June 16, 2002
June 16, 2002
June 19, 2002
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General Engineering Technology- A Broader Spectrum of Student Needs
Paul Kauffmann and Vernon W. Lewis Old Dominion University
The need for energetic focus on workforce development is well documented. However, there is no clear road map on how community colleges and universities should collaborate to support these programs. This paper examines an innovative, new baccalaureate degree that provides a possible model for these efforts. Old Dominion University has developed an extensive distance learning system that includes 32 remote community college sites and a total of fourteen hospital, military, and industrial sites in several states. As an essential element of the program offerings in this system, the Department of Engineering Technology has traditionally offered TAC of ABET accredited options in Civil, Electrical, and Mechanical Technology. Based on close collaboration with the community college system and industry participants it became clear that there was a large group of technology -oriented students who were not served by these programs. To address this issue, the General Engineering Technology option with a number of specialization areas has been developed. This degree program has been enthusiastically welcomed and appears to have great potential to improve the technology based workforce.
A basic search of the World Wide Web for sites related to “workforce development” provides testimony to the number of cities, states and regions in this country and the world that have developed agencies or departments to focus on this critical area of economic growth and development. A report by the Center for Workforce Success  identified the key issue as the supply of well trained people capable of performing the tasks required by the high-technology, global economy. This report further highlighted several indicators of the serious problems in meeting this challenge in the United States: · Sixty percent of manufacturers report they reject half of all job applicants as unqualified. · Tens of thousands of high-technology jobs go unfilled. · 36 million adults lack a high school diploma An implication of these facts is that the United States cannot maintain its position as an economic leader without the advantage of a skilled work force.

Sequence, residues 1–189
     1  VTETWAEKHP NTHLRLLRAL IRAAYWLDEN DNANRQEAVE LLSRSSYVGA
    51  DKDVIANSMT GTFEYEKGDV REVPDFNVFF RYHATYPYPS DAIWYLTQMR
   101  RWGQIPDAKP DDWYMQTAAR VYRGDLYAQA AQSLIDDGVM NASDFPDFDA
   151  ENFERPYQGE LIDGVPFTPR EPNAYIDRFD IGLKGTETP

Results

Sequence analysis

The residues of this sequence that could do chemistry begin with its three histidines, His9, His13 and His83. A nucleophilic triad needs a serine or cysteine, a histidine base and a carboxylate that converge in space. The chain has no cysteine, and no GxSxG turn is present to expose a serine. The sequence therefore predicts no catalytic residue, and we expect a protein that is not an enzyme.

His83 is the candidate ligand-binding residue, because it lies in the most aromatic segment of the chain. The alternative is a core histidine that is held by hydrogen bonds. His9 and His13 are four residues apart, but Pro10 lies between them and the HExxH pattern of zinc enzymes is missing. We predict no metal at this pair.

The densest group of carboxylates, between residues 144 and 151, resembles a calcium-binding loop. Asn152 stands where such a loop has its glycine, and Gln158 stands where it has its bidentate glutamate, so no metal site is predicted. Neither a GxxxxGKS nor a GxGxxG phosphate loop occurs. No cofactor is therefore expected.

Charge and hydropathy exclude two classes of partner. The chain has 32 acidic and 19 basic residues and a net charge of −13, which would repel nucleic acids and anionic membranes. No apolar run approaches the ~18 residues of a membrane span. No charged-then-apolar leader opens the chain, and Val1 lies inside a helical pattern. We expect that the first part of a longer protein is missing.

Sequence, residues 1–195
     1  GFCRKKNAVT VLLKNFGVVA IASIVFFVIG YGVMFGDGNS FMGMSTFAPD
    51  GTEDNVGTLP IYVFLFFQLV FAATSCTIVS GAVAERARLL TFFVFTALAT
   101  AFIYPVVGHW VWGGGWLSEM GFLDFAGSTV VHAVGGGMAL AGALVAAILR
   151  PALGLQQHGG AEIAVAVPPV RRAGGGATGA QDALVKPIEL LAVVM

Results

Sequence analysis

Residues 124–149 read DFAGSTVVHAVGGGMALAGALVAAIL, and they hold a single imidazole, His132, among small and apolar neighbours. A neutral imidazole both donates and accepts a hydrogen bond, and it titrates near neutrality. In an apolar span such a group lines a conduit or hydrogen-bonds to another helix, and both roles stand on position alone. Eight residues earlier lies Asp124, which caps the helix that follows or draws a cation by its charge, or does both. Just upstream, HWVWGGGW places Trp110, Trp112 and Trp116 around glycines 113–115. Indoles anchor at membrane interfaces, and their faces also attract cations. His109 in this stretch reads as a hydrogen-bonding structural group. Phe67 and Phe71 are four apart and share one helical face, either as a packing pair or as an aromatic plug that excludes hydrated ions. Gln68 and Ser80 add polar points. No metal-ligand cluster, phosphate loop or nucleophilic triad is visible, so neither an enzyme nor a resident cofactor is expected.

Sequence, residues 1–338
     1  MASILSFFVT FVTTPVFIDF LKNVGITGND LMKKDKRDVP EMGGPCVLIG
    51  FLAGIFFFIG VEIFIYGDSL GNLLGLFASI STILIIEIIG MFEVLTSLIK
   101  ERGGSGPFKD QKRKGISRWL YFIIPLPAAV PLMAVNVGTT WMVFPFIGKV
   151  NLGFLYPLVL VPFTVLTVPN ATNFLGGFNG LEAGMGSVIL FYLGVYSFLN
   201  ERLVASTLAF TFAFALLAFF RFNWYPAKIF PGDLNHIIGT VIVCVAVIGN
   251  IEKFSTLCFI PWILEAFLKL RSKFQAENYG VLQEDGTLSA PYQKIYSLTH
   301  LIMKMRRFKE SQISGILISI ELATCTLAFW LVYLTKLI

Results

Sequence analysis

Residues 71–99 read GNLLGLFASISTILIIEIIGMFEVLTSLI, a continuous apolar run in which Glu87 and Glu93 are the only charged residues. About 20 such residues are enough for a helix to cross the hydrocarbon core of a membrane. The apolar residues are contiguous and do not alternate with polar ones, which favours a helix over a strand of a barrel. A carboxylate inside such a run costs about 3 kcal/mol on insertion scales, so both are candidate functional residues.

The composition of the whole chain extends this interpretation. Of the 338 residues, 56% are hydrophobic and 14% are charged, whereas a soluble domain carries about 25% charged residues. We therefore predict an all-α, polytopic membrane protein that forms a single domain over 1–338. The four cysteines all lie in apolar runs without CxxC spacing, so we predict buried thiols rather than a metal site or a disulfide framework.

Education at all levels must develop cohesive approaches to address these issues. Davis, Burck and Wessel  identify the significant role that education must play in solving this problem and indicate that education has a two level impact. First it quickens the pace of change in the workplace by augmenting the skills of workers. On another level, by enlarging the supply of qualified and educated workers, education narrows the wage gap issues between socio -economic groups.
Proceedings of the 2002 American Society for Engineering Education Annual Conference & Exposition ã 2002, American Society for Engineering Education
Lewis, V., & Kauffmann, P. (2002, June), General Engineering Technology A Broader Spectrum Of Student Needs Paper presented at 2002 Annual Conference, Montreal, Canada. 10.18260/1-2--10721
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